See id. at 57-59. Additionally, in her opposition affidavit, Plaintiff asserts that other people made "gimpy" comments, that she received dirty looks and that she was made to work during an office party. See Affidavit of Carol Wildman, dated December 4, 2006, ("Plaintiff's Affidavit in Opposition"), ¶¶ 30-31, 34.*fn6

Plaintiff's claims of harassment fall into the category of simple teasing and a few isolated incidents, which are not sufficient to establish discrimination. See Pomilio, 1999 WL 9843, at *6 ("'"[S]imple teasing," offhand comments, and isolated incidents (unless extremely serious)' are not enough to establish discrimination." (quotation and other citation omitted)); see also Miller v. Taco Bell Corp., 204 F. Supp. 2d 456, 465 (E.D.N.Y. 2002) (rejecting periodic teasing as not meeting the required showing of "more than sporadic, offensive behavior" (citations omitted)). Therefore, the Court concludes that Plaintiff's asserted harassment, even if proven, would fail to state a prima facie case for a hostile work environment claim because the evidence is insufficient to demonstrate a workplace permeated with intimidation and ridicule. Accordingly, the Court grants Defendant Verizon's motion for summary judgment on this claim.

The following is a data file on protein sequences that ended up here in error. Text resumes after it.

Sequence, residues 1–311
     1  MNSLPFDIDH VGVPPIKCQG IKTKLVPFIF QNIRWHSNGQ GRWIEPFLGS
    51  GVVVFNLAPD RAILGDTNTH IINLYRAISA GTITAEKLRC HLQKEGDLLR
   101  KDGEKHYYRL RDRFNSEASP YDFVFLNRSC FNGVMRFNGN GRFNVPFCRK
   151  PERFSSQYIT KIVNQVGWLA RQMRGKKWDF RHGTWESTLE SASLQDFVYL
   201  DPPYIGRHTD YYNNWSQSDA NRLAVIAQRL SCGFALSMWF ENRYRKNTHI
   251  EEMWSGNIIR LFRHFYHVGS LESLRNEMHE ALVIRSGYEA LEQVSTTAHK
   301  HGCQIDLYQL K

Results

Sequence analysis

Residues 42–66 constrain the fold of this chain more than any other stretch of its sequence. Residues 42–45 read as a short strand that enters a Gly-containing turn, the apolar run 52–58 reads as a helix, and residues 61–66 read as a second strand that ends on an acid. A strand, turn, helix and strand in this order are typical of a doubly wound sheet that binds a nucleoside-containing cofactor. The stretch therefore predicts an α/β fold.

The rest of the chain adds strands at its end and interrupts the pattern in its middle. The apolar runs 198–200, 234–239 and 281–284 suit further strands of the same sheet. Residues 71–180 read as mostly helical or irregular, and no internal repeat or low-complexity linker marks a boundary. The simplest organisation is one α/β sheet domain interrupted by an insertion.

2. Farragher/Ellerth Defense

Defendant Verizon asserts that, even if Plaintiff were able to establish a prima facie case of hostile work environment harassment, it would nonetheless be entitled to summary judgment based on the Faragher/Ellerth defense. See Faragher v. City of Boca Raton, 524 U.S. 775 (1998); Burlington Indus., Inc. v. Ellerth, 524 U.S. 742 (1998); see also Ferraro, 440 F.3d at 101 (applying defense to disability discrimination claims under the NYHRL and New York City Human Rights Law claims) (citations omitted); Lennon v. New York City, 392 F. Supp. 2d 630, 640 (S.D.N.Y. 2005) (applying defense to Title VII, NYSHRL, ADEA and ADA claims (citations omtited)).